As with the Euro Bond Fund, the Investment Adviser did not change the global strategy implemented in June 2015, favouring high quality and liquidity. Following the minutes of the April FOMC and Ms Yellen’s comments, he partly took profit on the huge 30y Treasury position, selling USD 5 million US Treasury 3% 2045, switched against a US T-bill maturing in December 2016. Consequently, the modified duration of the Fund, which had been raised to 5.9 when 30y yields reached 2.75%, decreased to 4.5. In terms of portfolio diversification, the Fund held 30 issues from 27 different issuers.



After the inception of the Fund on 28th April with USD 35 million, the Investment Adviser began building the portfolio in May with a cautious stance. 31 issues were bought in order to provide sufficient diversification. In terms of geographical breakdown, the top 3 countries were Russia (20%), Turkey (17%) and Brazil (8%). The top 3 sectors were Financials (26%), Energy (22%) and Basic Materials (14%). The rating allocation was 55% BB, 39% BBB and 3% A (and 3% cash). The modified duration reached 6.2 at month end.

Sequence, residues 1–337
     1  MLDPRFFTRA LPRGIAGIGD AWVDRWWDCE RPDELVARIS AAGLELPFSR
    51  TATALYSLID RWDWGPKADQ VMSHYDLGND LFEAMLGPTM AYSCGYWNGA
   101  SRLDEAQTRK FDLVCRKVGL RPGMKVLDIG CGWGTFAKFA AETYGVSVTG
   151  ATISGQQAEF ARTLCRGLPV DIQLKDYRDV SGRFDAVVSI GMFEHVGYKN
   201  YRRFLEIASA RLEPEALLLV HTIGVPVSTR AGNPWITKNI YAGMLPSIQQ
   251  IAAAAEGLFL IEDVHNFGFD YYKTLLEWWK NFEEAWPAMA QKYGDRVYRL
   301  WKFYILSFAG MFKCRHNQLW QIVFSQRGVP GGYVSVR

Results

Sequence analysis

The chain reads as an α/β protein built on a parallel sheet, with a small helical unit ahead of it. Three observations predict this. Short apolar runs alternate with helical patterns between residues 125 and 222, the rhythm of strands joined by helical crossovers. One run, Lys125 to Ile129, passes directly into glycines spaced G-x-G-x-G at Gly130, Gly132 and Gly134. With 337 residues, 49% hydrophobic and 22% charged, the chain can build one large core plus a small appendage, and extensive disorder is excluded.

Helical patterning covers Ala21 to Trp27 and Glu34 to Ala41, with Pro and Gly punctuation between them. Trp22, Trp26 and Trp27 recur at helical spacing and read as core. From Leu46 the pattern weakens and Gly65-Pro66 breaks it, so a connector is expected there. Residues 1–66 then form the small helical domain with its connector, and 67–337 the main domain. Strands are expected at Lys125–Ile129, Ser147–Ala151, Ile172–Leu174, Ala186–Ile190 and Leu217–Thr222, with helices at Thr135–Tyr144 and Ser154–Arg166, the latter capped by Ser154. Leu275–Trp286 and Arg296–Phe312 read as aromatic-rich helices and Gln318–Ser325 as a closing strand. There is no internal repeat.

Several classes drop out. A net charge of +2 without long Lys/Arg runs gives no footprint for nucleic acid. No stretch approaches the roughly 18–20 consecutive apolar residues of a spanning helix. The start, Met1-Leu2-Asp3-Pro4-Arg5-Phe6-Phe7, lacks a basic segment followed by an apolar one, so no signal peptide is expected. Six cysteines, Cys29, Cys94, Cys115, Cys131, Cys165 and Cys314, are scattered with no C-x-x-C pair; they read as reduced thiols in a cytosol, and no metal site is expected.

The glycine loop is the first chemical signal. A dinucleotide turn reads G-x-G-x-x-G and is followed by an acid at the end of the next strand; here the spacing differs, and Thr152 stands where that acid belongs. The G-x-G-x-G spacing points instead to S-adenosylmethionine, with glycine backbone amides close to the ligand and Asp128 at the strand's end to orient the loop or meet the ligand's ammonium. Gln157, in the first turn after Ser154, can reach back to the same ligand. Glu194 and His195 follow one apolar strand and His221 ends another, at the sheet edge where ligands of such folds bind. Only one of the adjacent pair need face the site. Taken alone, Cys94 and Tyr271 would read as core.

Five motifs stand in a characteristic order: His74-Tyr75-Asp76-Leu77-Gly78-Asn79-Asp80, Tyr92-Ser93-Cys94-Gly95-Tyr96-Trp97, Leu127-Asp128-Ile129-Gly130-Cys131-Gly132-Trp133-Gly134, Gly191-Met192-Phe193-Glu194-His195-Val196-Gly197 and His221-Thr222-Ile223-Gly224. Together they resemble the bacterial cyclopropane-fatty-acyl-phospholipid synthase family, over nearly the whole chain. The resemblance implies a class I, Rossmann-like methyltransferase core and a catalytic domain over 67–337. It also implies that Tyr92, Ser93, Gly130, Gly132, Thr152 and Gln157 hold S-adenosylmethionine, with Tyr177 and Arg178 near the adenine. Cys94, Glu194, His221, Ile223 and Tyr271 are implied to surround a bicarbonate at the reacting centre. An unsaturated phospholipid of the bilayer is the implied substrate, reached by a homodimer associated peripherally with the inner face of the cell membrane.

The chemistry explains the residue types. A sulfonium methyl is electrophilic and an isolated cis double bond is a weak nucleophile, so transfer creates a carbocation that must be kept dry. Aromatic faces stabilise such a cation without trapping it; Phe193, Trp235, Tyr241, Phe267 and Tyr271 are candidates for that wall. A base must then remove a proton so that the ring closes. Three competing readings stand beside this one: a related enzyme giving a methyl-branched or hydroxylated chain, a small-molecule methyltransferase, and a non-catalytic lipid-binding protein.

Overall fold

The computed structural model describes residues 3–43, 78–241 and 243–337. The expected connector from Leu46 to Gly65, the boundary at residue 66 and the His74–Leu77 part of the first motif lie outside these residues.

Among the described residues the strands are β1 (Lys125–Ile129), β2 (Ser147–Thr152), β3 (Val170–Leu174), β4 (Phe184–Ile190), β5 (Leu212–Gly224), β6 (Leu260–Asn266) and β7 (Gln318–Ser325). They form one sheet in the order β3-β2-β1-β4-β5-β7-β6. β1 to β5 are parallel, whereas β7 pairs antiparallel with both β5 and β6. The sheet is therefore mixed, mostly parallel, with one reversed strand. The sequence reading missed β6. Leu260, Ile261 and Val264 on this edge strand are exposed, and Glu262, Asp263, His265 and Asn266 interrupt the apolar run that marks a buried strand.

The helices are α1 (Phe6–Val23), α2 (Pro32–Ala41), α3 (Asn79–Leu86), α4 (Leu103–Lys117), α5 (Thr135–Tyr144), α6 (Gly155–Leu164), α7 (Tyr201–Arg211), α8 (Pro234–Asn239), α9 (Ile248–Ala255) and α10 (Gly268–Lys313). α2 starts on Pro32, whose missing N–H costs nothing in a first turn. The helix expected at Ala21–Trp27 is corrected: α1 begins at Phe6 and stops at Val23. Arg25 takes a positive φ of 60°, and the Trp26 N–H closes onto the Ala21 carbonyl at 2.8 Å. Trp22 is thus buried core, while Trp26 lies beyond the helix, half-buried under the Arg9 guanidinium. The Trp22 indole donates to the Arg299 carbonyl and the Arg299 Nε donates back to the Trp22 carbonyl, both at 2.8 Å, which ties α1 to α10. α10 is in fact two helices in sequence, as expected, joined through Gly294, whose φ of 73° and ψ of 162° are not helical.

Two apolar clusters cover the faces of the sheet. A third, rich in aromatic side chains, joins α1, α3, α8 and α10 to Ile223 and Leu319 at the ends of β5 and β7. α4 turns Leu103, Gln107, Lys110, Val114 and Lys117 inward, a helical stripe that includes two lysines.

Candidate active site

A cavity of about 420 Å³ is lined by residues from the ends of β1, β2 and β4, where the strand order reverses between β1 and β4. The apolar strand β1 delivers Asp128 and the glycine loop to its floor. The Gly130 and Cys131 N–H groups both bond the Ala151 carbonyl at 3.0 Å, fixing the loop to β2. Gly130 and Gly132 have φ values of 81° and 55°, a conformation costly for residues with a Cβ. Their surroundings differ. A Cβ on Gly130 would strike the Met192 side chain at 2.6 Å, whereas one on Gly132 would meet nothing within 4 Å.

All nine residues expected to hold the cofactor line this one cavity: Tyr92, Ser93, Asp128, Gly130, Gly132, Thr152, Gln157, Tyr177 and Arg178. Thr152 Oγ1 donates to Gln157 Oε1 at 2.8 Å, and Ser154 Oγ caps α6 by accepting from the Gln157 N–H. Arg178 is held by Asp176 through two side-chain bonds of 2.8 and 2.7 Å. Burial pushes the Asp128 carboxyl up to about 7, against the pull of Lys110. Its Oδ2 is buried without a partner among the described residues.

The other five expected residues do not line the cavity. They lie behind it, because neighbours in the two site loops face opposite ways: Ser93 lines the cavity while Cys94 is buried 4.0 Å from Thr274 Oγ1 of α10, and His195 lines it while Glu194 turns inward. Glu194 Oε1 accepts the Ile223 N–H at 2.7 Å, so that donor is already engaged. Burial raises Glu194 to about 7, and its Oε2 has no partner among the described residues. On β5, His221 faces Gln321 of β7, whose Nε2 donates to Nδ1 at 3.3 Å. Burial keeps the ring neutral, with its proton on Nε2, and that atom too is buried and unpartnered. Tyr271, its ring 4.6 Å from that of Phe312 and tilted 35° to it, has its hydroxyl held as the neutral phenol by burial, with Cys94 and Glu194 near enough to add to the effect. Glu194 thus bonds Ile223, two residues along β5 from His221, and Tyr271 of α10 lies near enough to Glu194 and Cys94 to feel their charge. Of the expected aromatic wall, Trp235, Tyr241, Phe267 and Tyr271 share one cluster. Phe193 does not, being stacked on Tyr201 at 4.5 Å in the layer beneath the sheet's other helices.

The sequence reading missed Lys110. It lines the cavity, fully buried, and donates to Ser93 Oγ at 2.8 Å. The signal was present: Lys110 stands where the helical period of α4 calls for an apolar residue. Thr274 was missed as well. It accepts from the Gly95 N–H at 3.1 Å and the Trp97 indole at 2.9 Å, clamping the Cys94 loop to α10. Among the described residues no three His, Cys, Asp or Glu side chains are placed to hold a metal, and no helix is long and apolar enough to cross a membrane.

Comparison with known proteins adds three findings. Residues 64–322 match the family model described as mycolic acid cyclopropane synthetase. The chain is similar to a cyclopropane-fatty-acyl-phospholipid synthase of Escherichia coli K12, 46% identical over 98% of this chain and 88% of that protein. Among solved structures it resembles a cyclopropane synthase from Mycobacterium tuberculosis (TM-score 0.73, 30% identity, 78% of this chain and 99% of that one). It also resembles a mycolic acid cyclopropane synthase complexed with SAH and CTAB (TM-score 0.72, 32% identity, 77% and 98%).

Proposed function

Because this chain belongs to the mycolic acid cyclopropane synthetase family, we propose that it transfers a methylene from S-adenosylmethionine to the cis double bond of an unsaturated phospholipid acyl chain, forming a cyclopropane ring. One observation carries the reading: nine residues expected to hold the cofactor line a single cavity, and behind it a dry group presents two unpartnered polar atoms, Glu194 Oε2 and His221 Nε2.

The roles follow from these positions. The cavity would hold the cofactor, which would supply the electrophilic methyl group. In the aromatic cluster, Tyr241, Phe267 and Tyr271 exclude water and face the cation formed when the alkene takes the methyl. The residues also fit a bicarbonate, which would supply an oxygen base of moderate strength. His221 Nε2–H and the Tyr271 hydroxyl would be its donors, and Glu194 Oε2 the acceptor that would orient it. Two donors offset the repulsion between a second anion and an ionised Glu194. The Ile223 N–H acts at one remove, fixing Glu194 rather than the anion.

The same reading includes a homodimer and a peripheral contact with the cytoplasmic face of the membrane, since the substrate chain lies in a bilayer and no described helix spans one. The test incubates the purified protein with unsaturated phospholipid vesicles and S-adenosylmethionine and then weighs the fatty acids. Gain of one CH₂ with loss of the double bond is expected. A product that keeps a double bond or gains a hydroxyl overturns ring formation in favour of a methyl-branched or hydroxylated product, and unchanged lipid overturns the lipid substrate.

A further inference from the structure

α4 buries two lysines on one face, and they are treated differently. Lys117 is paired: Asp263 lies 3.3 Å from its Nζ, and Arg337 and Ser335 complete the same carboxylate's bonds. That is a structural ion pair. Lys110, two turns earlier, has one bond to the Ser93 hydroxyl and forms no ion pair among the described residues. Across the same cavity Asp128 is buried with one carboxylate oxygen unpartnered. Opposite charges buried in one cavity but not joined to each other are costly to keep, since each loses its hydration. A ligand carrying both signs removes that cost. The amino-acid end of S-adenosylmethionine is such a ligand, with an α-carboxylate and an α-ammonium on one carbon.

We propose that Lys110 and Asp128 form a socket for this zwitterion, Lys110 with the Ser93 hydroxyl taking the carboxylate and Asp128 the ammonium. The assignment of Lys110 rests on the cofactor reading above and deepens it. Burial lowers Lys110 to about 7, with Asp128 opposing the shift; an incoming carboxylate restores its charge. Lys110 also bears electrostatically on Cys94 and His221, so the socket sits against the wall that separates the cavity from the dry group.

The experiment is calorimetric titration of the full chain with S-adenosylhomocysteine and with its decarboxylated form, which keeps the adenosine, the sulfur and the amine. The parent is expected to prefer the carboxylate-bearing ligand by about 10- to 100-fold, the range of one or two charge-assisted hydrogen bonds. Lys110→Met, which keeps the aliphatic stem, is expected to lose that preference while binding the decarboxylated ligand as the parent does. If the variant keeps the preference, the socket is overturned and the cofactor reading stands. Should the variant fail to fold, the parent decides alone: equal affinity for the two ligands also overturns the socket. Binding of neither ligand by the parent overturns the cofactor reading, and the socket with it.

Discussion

Regarding Europe, the Investment Adviser believes that the ECB will stay ultra-accommodative in the coming months. Mr Draghi will not hesitate to implement other non-conventional measures if needed, in the case of Brexit for example. The economic conditions are slightly improving in the Eurozone but not enough to prompt the ECB to modify its policy or for Bund yields to climb substantially. The problem is still low inflation and, as the Portfolio Manager already mentioned in the last report, Mr Draghi announced a decrease of his inflation forecast in 2018 to 1.8%, still below the ECB target of 2%. This means that “Super Mario” admits implicitly that the ECB will not reach its inflation goal during the next two years. Regarding the Fed’s policy, the behaviour of the FOMC in 2016 is still unclear: inflation is low but will increase gradually (due to the base effect after the sharp decrease of oil prices in 2015), oil prices seem to have reached the $50 level, international issues are unclear (Brexit today but do not forget China) and the Fed is still expecting more rate hikes than the market. The Investment Adviser still believes that there will be no more than one rate hike this year and that the probability of zero hikes will increase gradually (simultaneously with the probability of a recession in 2017). He will stay overweight 30y US bonds (both Treasuries and TIPS). Emerging Markets will stay volatile but the current environment, with low yields in US, Europe and Japan, higher commodities and oil prices, stabilisation of emerging currencies and a “nottoo- hawkish” Fed leave room for further spread tightening. But, obviously, all eyes will focus on polls in UK in June, waiting for the 23rd June verdict…


The views and statements contained herein are those of the Eric Sturdza Private Banking Group in their capacity as Investment Advisers to the Fund as of 13/06/16 and are based on internal research and modelling.